As a result of this type of overheated rhetoric coming from the Governor and others, confusion continues to reign as to what effect the new tax law will have on New York state. In an earlier column this month, I attempted to provide a simple primer on the federal income tax system and discussed briefly some of the changes that will occur under the new law. It is my hope that this can provide a starting point for having a discussion of the effects of the new tax law on New York state. If you are interested in reading that column it can be found here http://nyassembly.gov/mem/William-A-Barclay/story/78897/. In this column, I would like to expand on what the Governor is referring to and whether the federal tax bill will be as devastating to New York as Governor Cuomo claims.
It is no secret that New York is a high-tax state. The non-partisan Tax Foundation each year ranks every state in terms of their tax burden and New York is always either the highest or close to the highest in almost all categories of taxes. Sadly, our property taxes and income taxes are no exception. Prior to the enactment of the federal tax bill, individuals were able to deduct their property taxes and state income taxes on their federal tax return. Accordingly, the impact of our high property and income taxes were relatively muted at least for those who itemize their deductions on their federal tax returns.
Under the new federal law, taxpayers will no longer be able to deduct their state and local taxes and the deduction for property taxes is capped at $10,000. Most New Yorkers will not be affected by this change because they do not itemize their deductions but rather take a standard deduction. In fact, most will enjoy a tax cut because the new tax bill increases the standard deduction for a single filer to $12,000 and $24,000 for joint filers and also increases the child tax credit.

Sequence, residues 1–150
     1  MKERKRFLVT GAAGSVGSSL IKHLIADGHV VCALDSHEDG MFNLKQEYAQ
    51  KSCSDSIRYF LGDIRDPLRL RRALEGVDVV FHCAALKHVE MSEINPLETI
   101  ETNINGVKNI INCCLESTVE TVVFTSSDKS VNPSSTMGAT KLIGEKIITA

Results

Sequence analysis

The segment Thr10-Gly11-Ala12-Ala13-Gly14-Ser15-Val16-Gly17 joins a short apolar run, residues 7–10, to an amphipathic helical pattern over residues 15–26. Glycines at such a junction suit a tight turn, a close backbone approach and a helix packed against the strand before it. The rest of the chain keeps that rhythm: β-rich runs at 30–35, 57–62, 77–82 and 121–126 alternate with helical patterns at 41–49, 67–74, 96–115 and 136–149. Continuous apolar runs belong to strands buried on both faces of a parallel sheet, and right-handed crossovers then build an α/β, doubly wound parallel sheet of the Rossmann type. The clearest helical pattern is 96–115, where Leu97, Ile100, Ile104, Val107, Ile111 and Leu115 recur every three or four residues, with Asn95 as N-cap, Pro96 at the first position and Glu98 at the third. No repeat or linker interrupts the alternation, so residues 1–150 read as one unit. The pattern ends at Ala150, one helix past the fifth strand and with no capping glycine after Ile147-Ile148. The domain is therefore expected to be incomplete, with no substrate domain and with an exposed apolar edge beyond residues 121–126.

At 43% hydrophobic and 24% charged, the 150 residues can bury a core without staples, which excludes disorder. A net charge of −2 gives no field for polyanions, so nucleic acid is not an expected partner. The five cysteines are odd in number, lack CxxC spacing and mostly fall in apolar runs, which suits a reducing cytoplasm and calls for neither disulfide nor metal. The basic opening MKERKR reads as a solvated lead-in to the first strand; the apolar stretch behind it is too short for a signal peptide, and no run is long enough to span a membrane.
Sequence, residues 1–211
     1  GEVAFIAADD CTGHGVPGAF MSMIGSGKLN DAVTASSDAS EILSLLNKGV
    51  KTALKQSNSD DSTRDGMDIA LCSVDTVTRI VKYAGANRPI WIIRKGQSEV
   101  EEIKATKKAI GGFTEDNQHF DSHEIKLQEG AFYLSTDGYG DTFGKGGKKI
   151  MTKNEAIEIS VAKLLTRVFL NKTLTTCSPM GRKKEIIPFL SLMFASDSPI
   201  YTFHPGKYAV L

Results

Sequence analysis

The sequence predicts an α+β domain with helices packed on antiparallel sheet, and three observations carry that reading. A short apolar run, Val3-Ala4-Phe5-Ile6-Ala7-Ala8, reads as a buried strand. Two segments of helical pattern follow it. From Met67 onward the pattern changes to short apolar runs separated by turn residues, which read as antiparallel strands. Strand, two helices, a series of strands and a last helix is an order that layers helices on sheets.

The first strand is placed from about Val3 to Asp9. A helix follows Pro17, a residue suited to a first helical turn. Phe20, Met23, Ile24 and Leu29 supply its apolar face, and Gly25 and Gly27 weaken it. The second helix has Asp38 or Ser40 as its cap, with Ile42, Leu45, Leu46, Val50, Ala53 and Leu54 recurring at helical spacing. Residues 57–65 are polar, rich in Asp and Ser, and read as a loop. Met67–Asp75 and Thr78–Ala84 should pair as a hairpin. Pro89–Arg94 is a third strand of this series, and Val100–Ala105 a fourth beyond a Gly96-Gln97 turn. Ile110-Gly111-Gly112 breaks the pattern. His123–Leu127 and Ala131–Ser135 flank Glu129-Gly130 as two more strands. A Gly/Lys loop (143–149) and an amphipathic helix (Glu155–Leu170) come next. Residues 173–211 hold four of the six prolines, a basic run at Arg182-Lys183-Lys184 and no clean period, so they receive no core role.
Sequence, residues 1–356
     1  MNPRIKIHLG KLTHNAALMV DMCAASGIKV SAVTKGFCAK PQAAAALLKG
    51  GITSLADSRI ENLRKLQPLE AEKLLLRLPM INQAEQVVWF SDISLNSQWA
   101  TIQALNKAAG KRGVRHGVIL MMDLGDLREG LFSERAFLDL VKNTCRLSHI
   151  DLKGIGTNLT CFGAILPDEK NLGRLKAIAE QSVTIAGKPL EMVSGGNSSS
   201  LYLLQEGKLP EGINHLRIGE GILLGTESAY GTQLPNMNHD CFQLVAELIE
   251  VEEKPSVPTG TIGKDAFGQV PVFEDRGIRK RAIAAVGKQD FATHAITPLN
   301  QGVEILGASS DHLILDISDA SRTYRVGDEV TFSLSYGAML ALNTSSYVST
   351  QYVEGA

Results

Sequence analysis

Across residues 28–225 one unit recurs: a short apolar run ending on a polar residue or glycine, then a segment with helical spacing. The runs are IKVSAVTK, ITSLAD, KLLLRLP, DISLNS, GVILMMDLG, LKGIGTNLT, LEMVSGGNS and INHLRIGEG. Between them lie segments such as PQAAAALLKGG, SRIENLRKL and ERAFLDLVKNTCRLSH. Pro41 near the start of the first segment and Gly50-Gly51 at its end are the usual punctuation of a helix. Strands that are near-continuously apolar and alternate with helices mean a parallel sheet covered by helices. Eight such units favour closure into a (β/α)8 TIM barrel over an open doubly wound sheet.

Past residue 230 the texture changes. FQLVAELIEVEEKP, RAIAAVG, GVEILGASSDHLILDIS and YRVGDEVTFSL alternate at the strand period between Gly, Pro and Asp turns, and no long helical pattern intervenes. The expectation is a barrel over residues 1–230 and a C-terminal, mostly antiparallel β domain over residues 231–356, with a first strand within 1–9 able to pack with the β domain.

If most New Yorkers will benefit from the federal tax plan, why is the Governor sounding the alarm of economic Armageddon. It is because he is worried about tax migration—that is, wealthy people leaving New York state and moving to other states with lower taxes. This is already occurring and could accelerate with the new tax law. The new federal tax law negatively affects wealthy New Yorkers because they tend to itemize their deductions and the new higher standard deduction is not enough to cover what they pay in state and local taxes. Moreover, New York’s income tax is progressive, meaning those who earn the most income pay the most in state income taxes. If New York loses these wealthy citizens to other states, it will have a bigger direct impact on the state revenues than if middle class or low-income citizens left the state.
There is irony to the fact that many of those speaking the loudest against the federal tax cuts are the same people who, in the past, advocated for higher taxes on the rich. At that time, they claimed that taxation of the wealthy did not play a role in where they lived. But now that the federal government is doing the taxing, their tune has changed.
Ultimately, it is too soon to know exactly what effect the new tax law will have on New York and the state budget. There are indications that the economy will grow stronger as a result of the tax cuts. For example, Apple announced that because of the federal tax cuts it would be investing $350 billion in the US over the next five years and hiring an anticipated 20,000 workers. Hopefully, more businesses will be following Apple’s lead. If the economy takes off, and the stock market continues to grow, that could be very positive for New York’s economy offsetting any lost revenue as a result of tax migration. However, New York could also work on lowering its tax burden and if we did, the issue of tax migration would be mitigated.
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